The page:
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Press Release

Career Offender from Valencia County Sentenced to 12 Years for Federal Methamphetamine Trafficking Conviction

For Immediate Release
U.S. Attorney's Office, District of New Mexico
Gallegos Prosecuted as Part of “Worst of the Worst” Anti-Violence Initiative

ALBUQUERQUE – Ricky Gallegos, 41, of Jarales, N.M., was sentenced today in federal court in Albuquerque, N.M., to 12 years in prison followed by five years of supervised release for his methamphetamine trafficking conviction.  The sentence was announced by U.S. Attorney Damon P. Martinez and Special Agent in Charge Will R. Glaspy of the DEA’s El Paso Division.

Gallegos was arrested in Jan. 2015, on a criminal complaint charging him with possessing methamphetamine with intent to distribute on Jan. 20, 2015, in Bernalillo County, N.M.  According to the criminal complaint, Gallegos fled from DEA agents after they observed him participate in a drug transaction.  After a brief pursuit, the agents apprehended Gallegos who was in possession of 1.20 kilograms (2.6 pounds) of methamphetamine which he attempted to conceal by burying the drugs under his vehicle.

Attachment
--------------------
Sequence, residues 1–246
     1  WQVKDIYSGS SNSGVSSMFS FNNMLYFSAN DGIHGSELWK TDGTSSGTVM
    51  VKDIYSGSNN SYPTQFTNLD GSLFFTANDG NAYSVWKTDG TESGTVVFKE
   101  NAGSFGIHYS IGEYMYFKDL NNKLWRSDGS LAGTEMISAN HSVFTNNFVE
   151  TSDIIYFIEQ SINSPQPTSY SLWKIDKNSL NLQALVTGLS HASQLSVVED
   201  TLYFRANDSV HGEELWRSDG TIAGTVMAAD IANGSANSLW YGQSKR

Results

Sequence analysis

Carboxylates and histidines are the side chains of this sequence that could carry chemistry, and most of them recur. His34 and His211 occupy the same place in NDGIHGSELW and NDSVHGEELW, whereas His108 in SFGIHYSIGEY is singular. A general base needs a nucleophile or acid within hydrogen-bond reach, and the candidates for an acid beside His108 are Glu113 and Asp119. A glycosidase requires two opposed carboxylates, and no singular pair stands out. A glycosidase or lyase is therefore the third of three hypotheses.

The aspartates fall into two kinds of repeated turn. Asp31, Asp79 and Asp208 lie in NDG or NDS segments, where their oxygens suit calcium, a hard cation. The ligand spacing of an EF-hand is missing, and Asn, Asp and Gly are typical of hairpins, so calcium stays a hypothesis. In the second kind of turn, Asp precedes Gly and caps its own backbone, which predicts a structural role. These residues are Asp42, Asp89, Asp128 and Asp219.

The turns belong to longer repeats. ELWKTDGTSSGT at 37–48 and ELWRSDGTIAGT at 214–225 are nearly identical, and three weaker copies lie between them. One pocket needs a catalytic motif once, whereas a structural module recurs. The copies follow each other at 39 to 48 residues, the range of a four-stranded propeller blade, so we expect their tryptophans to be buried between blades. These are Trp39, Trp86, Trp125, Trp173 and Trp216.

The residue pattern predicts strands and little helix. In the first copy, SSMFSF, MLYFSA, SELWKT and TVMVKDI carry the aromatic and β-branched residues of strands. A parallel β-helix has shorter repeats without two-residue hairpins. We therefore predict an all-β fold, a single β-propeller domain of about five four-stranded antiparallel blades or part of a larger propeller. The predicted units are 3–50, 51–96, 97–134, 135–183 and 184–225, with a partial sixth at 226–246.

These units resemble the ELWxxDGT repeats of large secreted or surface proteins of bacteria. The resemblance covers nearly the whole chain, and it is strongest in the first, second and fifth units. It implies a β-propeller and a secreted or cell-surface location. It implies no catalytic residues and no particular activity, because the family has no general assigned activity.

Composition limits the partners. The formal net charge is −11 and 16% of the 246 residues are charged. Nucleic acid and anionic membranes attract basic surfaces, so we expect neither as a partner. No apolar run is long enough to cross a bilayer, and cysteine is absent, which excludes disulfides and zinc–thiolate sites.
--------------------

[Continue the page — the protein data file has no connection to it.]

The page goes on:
Gallegos was indicted on the same charge on Feb. 10, 2015.  On April 16, 2015, Gallegos pled guilty to the indictment and admitted that on Jan. 20, 2015, he was in possession of 1.2 kilograms of methamphetamine.  Gallegos acknowledged that while he was attempting to flee from the officers, he crashed his vehicle into a dirt pile.  He further acknowledged that before the officers apprehended him, he buried the methamphetamine and his wallet in the wreckage.

This case was investigated by the Albuquerque office of the DEA.  Assistant U.S. Attorney Shaheen P. Torgoley is prosecuting the case under a federal anti-violence initiative that targets “the worst of the worst” offenders for federal prosecution.  Under this initiative, the U.S. Attorney’s Office and federal law enforcement agencies work with New Mexico’s District Attorneys and state, local and tribal law enforcement agencies to target violent or repeat offenders primarily based on their prior criminal convictions for federal prosecution with the goal of removing repeat offenders from communities in New Mexico for as long as possible.  Because New Mexico’s violent crime rate, on a per capita basis, is one of the highest in the nation, New Mexico’s law enforcement community is collaborating to target repeat offenders from counties with the highest violent crime rates, including Bernalillo County, N.M., under this initiative.

Updated March 16, 2016

Topic
Drug Trafficking